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Realizing Real-Time Data Warehousing on Snowflake with Striim

 

Introduction

Snowflake is one of the most popular data warehouses built for the cloud. Snowflake enables organizations to be data-driven, and make better and quicker business decisions.

Typically, in an organization, the data is generated from diverse data sources and applications deployed in various locations including on-premises data centers, major public clouds, and devices. In order for organizations to be data-driven and responsive, the real-time availability of data on Snowflake for making time-sensitive, operational decisions is of utmost importance.

Striim provides a next-generation solution for data integration that meets these needs by continuously collecting, processing, and moving any enterprise data in real-time. Customers are using Striim for streaming large volumes of data from a variety of sources. This includes OLTP databases with very large schemas containing 100-1000s of tables into Snowflake.

Unlike the traditional batch and schedule-based ETL solutions, the Striim platform continuously integrates data from on-premises and cloud data sources into Snowflake. This capability of Striim enables real-time data warehousing solutions on Snowflake.

The key objective of this technical guide is to describe the solution offered by Striim to support and enable real-time data warehousing solutions on Snowflake.

Striim’s Real-Time Data Integration Solution for Snowflake

Striim for Snowflake enables the rapid development and deployment of a continuous, real-time data integration solution into Snowflake from a variety of data sources that are deployed on-premise or in the cloud. The following diagram illustrates Striim’s high-level solution architecture for building real-time data feeds from a variety of data sources into Snowflake.

Key Features of Striim Platform

  • Rich set of out-of-the-box (OOTB) adapters including Database Readers and Snowflake Writer that can be used for rapid development of continuous data flows into Snowflake
  • Native support for scalability, data reliability (no data loss, no duplicates), security (authorization and encryption), and high performance (in-memory, distributed) processing and delivery
  • OOTB processors, in-memory data windows, built-in caches, and event tables that can be used to apply rich transformations and enrichments to events as they flow into Snowflake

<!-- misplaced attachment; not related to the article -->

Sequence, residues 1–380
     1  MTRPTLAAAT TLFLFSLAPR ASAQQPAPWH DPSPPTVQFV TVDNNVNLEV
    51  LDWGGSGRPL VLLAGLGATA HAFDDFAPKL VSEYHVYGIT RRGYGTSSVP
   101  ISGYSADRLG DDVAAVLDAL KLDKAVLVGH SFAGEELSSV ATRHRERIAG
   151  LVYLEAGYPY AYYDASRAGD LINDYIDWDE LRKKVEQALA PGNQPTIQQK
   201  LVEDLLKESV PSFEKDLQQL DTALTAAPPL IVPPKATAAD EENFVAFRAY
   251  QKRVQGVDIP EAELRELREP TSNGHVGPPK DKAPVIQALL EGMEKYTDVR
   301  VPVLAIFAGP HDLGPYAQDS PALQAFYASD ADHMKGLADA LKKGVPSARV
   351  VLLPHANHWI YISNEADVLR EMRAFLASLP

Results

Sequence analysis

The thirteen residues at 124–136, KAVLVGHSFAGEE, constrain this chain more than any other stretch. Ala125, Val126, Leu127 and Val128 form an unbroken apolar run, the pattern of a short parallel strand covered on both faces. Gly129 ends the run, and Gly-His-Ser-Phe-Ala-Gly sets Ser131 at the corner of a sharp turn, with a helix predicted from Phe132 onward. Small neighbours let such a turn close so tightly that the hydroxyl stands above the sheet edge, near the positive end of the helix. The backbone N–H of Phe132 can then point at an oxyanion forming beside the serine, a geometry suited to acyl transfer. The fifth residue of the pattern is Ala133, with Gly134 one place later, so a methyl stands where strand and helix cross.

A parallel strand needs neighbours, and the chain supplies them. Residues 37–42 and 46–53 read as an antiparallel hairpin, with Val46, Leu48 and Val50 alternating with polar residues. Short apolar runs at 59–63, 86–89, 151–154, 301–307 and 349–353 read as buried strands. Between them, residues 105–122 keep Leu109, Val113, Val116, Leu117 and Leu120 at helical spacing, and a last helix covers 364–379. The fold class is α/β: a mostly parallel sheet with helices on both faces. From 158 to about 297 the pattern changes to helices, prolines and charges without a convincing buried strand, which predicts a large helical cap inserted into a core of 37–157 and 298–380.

• Real-time monitoring, alerting and dashboarding capabilities
  • Multiple interfaces including rich, web-based drag-and-drop UI, command line interface, and REST APIs
  • Available as a PaaS offering on major cloud platforms including Amazon, Azure, and Google Cloud, enabling rapid integration with Snowflake. Striim PaaS solutions enable seamless integration between on-premises and in-the-cloud databases and data warehouses.

Striim Solution Architecture for Snowflake

Striim offers a flexible solution architecture that can be configured based on custom use case requirements for achieving real-time, continuous integration from on-premises and cloud-based sources into Snowflake.

Referring to the above diagram, Striim solutions can be configured to continuously collect data flowing from a variety of sources, process the data in flight, and deliver it into Snowflake.

Striim offers a wide variety of readers (including bulk readers, change data capture (CDC) readers, Kafka/JMS readers, etc.) that continuously capture changes from relational databases, KV stores such as MongoDB, messaging systems, logs, network/sensors, IoT protocols (such as MQTT and OPC-UA), and others. Refer to the documentation for details about various OOTB readers supported by Striim.

The captured data can be transformed in-stream, filtered, aggregated, masked, and enriched prior to delivery into corresponding tables on Snowflake. Striim optimizes the delivery into Snowflake by batching continuous data streams using client-side buffering. Striim provides multiple options for staging the delivery into Snowflake including Amazon S3, Azure Blob, or using Snowflake-native staging.

Refer to Appendix A for a brief description of Striim concepts which will help in understanding some of the Striim terminology used in the following sections.

Striim Solution Development and Deployment Options

Striim provides a rich web-based UI for developing, testing, and deploying integration solutions. Striim offers flexible deployment options when integrating between on-premises and the cloud. Depending upon the use-case requirements – which includes resource availability, integration topology, security restrictions, etc. – the appropriate option for deploying the solution can be chosen. The options for deployment include: